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Creator / Douglas Sirk

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"In tragedy the life always ends. By being dead, the hero is at the same time rescued from life’s troubles. In melodrama, he lives on — in an unhappy happy end."

Douglas Sirk (April 26, 1897 – January 14, 1987) directed several melodramas that defined, for some, The '50s at its kitschy worst: they were set in stereotypical Stepford Suburbia, had plots with the worst melodramatic cliches, and usually featured the most boring and obvious Happy Endings. They were also huge box-office hits at the time, but even when Film Noir and The Western became Vindicated by History, people thumbed their noses at Sirk for not being True Art. That changed — gradually, of course — thanks to the help of edgy directors like Jean-Luc Godard and Rainer Werner Fassbinder, who picked up on the subtext of his films and realized that there was More than Meets the Eye, that the real story was in the Meaningful Background Event and the visual style of the film rather than the plot that was mandated by censorship.

Put it simply, Sirk's films were first class Genre Deconstruction of the typical American family of The '50s, rather than being obvious examples of all that was conventional and conformist, his films were Unbuilt Trope that pointed out all that wrong with middle-class society and why the generation gap that defined the post-war generation happened. This was not willful reading, as Sirk had an incredible cultural and intellectual background.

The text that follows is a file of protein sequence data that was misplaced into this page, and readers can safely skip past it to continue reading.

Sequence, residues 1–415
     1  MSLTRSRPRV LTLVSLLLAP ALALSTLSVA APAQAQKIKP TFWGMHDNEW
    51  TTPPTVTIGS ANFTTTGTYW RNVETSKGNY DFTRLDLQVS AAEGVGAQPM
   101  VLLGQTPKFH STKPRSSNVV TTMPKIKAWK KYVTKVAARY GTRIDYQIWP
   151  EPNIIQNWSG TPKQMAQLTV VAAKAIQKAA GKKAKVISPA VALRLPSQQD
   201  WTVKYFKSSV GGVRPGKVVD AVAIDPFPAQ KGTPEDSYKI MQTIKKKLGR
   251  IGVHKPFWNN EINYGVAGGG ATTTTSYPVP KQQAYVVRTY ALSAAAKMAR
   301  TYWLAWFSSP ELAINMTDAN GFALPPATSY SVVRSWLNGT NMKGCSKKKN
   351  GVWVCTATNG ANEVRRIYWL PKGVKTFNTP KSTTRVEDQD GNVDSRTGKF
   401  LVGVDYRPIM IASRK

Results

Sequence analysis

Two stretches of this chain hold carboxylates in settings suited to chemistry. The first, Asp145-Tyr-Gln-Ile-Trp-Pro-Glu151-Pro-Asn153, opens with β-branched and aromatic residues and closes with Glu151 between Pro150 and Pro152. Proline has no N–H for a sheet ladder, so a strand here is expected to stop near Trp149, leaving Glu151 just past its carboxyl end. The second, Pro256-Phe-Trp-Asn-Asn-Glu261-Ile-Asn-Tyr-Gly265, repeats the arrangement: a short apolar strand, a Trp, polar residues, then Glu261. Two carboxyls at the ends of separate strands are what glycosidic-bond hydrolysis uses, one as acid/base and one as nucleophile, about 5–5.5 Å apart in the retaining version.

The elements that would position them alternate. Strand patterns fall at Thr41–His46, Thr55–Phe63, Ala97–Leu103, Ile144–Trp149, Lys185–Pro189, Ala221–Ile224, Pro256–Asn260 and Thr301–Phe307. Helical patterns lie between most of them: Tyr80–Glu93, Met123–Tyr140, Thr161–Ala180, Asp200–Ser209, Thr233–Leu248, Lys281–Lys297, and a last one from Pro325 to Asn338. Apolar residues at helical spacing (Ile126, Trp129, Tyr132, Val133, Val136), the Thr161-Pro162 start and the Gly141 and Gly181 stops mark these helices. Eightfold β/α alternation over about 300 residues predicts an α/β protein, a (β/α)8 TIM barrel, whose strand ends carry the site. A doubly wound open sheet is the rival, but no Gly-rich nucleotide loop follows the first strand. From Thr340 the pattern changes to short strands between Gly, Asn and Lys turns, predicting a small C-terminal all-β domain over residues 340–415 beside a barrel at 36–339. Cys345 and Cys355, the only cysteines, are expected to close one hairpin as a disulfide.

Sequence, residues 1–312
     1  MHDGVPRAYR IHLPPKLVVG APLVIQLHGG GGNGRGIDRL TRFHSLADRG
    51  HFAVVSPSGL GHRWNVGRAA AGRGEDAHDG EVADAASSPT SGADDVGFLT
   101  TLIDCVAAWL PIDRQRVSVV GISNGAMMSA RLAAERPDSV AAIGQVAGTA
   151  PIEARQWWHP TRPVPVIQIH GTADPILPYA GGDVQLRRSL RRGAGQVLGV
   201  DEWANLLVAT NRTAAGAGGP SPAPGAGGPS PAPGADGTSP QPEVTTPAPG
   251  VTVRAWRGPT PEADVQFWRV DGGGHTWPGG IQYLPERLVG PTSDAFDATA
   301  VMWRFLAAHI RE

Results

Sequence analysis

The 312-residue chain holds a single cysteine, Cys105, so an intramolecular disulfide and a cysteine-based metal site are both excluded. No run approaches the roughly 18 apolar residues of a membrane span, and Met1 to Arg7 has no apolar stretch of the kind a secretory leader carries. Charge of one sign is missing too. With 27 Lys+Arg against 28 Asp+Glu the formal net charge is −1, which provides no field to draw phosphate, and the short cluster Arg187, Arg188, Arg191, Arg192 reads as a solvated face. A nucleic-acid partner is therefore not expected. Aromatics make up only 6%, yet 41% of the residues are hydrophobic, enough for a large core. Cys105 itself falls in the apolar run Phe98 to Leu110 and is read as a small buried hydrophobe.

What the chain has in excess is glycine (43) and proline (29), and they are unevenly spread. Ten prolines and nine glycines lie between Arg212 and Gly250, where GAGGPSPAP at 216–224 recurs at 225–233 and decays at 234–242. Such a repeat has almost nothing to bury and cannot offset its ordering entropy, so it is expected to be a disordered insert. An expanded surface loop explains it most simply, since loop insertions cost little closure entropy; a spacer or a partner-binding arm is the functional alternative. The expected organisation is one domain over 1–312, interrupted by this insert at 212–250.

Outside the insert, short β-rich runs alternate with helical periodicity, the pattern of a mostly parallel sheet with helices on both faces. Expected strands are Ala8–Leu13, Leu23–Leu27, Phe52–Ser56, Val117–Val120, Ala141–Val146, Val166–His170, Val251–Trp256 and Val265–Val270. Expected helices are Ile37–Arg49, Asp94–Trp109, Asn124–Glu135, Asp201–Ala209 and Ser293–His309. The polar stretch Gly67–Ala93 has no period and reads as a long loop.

He was born Hans Detlef Sierck in Germany and became an associate of the German artistic community in the '20s and '30s. He knew the likes of Max Brod, Bertolt Brecht, Kurt Weill and several others. He was a major intellectual who knew his Euripides and William Shakespeare well. To put it simply he was already a master of Playing with a Trope way before it became cool. The rise of Nazism caused personal trauma for him. His first wife was a Nazi and his second wife was Jewish; his first wife consequently won custody of their son and Sirk was barred from seeing him. He stayed in Germany even during the early years of the Third Reich in the vain hopes of rescuing his son but ultimately, he and his wife had to be smuggled out of Germany to France and then to America. His son, sadly, died on the Russian front.

In Hollywood he made his mark directing WW2 propaganda before making a series of melodramas in the '50s that starred Rock Hudson. They remain the star's best performances and Sirk felt that the latter was very underrated. He quit film-making after 1959's Imitation of Life (which would be Universal's biggest box-office hit until Airport a decade later), and in his retirement became The Mentor for several young film-makers including Rainer Werner Fassbinder, who made several films in homage to him. He would later influence filmmakers like David Lynch, Quentin Tarantino (Travolta orders the "Douglas Sirk steak," which can be served burned or bloody, in Pulp Fiction), and Todd Haynes.

Selected Filmography: